mobile clinic


     PIH/ZL mobile clinics
     by the numbers*

  • Patients seen: 4,194
  • Patients needing treatment for malaria: 218
  • Patients suspected of
    having typhoid: 74
  • Patients needing treatment for anemia: 391
  • Patients needing treatment for intestinal parasites: 409
  • Patients infected with sarcoptes (scabies): 414
  • Patients suffering from urinary tract infections: 341
  • Patients diagnosed with mental health issues: 17
  • HIV tests performed: 282
    (16 tested positive)
*Numbers taken from clinics held between February 7 and 14, 2010.

 

In order to meet the medical needs of those left homeless by the January 12 earthquake, Partners In Health (PIH) and its sister organization Zanmi Lasante (ZL) are running mobile medical clinics in four settlement sites where tens of thousands of displaced earthquake survivors are currently living.

The clinics provide comprehensive primary health care services, including reproductive health care, HIV testing, and malnutrition screening to an estimated population of 80,000-100,000 displaced people. Altogether, the mobile clinics treated nearly 4,200 patients during their first week of operation.

The four settlements, all located in or around Port-au-Prince, have been named: Building 2004, Caradeux, Park Jean Marie Vincent, and Delmas 3. PIH/ZL began working at these specific sites in collaboration with Haiti’s Ministry of Public Health (MSPP). In the largest settlement, Parc Jean Marie Vincent, PIH is also working in collaboration with Médecins Sans Frontières-Belgium, which is supporting a women’s health clinic.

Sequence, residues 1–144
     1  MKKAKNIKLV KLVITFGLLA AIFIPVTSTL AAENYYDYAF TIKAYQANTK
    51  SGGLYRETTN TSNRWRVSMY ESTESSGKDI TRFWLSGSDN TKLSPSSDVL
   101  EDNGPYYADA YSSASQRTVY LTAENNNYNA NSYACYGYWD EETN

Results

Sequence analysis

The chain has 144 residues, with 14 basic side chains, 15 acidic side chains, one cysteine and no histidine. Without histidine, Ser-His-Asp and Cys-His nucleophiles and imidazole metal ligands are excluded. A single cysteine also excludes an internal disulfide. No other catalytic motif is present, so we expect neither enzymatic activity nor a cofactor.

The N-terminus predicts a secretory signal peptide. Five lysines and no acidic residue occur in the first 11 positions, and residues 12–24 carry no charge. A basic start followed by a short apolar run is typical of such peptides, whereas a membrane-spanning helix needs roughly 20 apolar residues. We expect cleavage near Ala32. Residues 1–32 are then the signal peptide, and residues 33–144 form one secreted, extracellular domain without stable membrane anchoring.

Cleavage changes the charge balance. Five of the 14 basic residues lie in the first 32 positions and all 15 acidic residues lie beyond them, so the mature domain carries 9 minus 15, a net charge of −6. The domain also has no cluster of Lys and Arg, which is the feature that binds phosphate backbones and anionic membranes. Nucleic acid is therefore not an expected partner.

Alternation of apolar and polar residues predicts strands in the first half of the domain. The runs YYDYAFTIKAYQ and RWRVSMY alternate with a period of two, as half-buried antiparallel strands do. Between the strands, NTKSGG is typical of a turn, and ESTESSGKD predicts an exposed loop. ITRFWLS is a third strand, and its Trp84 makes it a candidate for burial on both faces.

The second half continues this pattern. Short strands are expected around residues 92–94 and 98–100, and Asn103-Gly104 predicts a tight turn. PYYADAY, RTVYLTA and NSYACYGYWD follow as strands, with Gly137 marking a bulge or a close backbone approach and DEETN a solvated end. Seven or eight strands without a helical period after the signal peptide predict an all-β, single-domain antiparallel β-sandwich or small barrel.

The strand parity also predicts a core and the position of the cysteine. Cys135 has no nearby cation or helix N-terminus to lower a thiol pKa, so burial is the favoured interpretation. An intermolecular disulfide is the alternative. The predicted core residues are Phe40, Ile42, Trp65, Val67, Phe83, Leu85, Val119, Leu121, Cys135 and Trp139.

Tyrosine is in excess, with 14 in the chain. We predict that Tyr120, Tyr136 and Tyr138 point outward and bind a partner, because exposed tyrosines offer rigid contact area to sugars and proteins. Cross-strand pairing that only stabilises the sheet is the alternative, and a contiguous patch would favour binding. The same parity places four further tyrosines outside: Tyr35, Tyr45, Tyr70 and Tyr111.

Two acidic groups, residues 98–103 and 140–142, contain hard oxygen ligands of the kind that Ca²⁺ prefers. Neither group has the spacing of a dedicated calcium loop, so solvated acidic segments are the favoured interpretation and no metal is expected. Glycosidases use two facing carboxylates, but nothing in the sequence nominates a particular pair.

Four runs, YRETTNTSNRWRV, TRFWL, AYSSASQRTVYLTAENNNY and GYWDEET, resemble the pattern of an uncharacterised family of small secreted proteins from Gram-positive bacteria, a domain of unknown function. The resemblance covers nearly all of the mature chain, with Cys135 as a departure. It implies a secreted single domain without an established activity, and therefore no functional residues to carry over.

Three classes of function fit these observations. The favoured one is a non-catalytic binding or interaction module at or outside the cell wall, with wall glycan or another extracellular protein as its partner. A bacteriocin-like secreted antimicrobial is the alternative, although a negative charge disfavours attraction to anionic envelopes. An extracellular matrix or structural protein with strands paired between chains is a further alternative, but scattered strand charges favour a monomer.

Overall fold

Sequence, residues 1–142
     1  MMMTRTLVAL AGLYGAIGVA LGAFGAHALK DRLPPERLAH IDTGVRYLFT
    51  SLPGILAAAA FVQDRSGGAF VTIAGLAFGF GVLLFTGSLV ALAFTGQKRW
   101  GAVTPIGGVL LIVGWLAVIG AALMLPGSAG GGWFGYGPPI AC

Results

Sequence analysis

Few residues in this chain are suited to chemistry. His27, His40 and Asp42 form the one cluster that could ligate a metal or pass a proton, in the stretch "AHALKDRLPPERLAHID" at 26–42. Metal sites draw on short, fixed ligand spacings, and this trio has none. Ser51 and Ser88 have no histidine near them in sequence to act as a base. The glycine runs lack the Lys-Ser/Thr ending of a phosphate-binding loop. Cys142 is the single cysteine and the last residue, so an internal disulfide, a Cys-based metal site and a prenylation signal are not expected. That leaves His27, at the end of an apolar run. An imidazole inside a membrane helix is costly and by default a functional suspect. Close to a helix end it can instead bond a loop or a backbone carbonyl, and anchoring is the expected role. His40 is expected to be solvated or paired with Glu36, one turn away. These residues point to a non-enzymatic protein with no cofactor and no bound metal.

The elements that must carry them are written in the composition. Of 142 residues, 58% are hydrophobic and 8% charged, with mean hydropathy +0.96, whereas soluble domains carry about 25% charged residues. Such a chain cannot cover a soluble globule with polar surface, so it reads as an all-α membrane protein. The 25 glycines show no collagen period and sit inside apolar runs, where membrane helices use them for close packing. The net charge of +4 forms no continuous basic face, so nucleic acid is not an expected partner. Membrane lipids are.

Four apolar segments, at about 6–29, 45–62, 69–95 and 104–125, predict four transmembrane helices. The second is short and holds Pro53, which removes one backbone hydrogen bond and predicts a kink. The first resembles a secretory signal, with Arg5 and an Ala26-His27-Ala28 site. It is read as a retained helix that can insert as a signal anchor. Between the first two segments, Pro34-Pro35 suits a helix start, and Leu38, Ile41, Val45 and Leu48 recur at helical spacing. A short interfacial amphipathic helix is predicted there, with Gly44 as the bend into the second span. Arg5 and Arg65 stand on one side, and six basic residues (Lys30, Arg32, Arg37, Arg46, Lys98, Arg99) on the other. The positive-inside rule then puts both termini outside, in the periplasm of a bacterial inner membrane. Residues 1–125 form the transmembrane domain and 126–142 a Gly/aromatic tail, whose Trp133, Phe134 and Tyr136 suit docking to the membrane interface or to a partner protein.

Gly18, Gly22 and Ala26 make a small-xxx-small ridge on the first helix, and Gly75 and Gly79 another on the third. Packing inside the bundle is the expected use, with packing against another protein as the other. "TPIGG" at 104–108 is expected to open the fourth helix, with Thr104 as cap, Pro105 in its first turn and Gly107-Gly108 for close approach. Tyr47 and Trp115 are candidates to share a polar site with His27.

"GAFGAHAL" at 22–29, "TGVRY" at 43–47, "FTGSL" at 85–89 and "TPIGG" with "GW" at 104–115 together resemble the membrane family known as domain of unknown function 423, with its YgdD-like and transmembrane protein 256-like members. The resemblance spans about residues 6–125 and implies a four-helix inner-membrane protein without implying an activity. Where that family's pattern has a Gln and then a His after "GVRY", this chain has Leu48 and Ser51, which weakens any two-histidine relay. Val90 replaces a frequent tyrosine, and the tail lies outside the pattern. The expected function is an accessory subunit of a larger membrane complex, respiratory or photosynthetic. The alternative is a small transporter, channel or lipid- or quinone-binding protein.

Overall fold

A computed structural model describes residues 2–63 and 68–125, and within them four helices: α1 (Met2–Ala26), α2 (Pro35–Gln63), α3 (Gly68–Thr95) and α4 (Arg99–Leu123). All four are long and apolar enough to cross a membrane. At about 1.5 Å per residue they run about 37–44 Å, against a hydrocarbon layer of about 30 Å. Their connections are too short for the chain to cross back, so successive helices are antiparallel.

Each site is staffed by a team of physicians, nurses, pharmacists, and lab technicians, reported Dr. Paul Pierre of PIH/ZL. About 230 health care workers in total are currently involved in the clinics.

In addition to these on-going clinics, PIH/ZL also supported organizations requesting help for providing health care services to groups of people with urgent needs. For example, on February 8, PIH/ZL and Fonkoze (a banking institution for poor communities) also co-organized a one-day mobile clinic at an orphanage – located at another temporary settlement called Tabarre 27. 

The most common symptoms for which patients sought treatment include fever, abdominal pain, chest congestion, and headache.

Zanmi Lasante will work to provide necessary services and referrals to patients who require follow up care, including pregnant women and HIV-positive patients. 

In addition to treating patients’ medical needs, PIH/ZL is also working with Haitian grassroots groups and other organizations to provide other basic needs. These organizations include ACTED, which is working as camp managers at a planned settlement camp; and Operation Blessing, an organization installing water purification systems. PIH/ZL is also advocating for other organizations to follow through on helping to tackle the current largest challenges--providing food, sanitation, and shelter at these settlements. 

mobile clinic line

Top photo: ZL Clinician at one of the mobile clinics with a patient.
Bottom photo: An orderly line of patients waiting to see a clinician at one of the PIH/ZL mobile clinics.

 

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